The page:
A patch of Scotch Thistle that has been sprayed, and has started to die off.

Now before I go too much further, I do want to address the elephant in the room. There’s a small but vocal group of locals who are vehemently opposed to the gold mine and everything it represents. Mining companies, and especially multinational gold miners, don’t always have a great track record when it comes to the environment and as new arrivals to the area, the last thing we want to do is throw shade on these folk and their sometimes quite legitimate concerns. But at the same time, we’re also well aware that there’s a lot of good things that the mining company do for the local community, through sponsorships and grants, and if it means having to dance with the devil sometimes to get a positive outcome, then strike up a chord and let me put on my dancing shoes. Call it guilt money, or blood money if you like, but whatever the case, it’s money that is being handed back to the community, and I for one intend to make sure that it gets put to good use. Besides, with modern society’s love of technology, including mobile phones and electric vehicles, it’s not like we’re going to be curtailing our need for more gold any time soon, and we do happen to live smack bang on top of one of the richest gold deposits in the world.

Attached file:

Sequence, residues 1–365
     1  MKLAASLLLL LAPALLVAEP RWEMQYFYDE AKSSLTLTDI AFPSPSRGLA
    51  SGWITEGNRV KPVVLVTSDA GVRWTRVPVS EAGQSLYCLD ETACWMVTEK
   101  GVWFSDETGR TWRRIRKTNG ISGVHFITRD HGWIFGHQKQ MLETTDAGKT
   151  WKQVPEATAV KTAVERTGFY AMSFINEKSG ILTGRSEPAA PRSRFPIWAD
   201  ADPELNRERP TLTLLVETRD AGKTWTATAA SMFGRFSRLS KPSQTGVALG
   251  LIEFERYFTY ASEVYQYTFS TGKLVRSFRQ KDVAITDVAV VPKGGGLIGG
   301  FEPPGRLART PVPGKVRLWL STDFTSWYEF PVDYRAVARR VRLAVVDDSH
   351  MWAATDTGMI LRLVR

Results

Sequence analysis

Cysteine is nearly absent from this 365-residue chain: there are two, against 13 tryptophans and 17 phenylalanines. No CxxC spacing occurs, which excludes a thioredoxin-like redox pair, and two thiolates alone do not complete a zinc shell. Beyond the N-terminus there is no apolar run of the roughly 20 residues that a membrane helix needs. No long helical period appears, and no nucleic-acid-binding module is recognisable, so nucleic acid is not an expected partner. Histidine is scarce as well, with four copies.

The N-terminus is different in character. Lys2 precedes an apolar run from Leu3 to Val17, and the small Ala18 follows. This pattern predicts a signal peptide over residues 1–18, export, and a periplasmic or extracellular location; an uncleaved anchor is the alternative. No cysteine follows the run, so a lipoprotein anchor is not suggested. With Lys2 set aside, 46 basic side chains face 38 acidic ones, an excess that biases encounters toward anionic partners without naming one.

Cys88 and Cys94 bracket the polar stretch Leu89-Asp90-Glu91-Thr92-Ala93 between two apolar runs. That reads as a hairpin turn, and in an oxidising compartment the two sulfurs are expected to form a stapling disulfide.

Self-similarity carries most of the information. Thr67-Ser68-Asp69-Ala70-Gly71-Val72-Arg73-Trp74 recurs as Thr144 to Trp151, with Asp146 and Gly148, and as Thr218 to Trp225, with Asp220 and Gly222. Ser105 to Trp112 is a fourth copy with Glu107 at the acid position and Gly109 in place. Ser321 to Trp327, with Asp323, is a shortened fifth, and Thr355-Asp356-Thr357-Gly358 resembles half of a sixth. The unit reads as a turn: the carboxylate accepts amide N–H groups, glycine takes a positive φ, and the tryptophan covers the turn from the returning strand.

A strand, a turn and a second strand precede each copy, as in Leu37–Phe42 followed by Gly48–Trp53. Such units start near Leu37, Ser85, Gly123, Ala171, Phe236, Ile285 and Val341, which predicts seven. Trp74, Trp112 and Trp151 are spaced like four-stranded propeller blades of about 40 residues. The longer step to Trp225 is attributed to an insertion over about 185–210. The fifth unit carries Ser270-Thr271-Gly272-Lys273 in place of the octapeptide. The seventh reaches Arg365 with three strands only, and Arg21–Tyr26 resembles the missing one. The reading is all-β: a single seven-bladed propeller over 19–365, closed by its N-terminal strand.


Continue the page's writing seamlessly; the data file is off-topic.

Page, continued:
Sorting out plants into buckets for dispersal among the volunteers.

With that out of the way, I can get on to describing the way the project is currently progressing. After a few false starts (why is it that it only ever seems to rain on a Tuesday?), the weather finally stayed clear enough in early October to allow about a dozen or so volunteers from FOSSALS to turn up for a tree planting day across the two properties here, and they managed to make short order of the 400+ native trees and shrubs that Tim had selected for our stretch of creek.

Planting underway.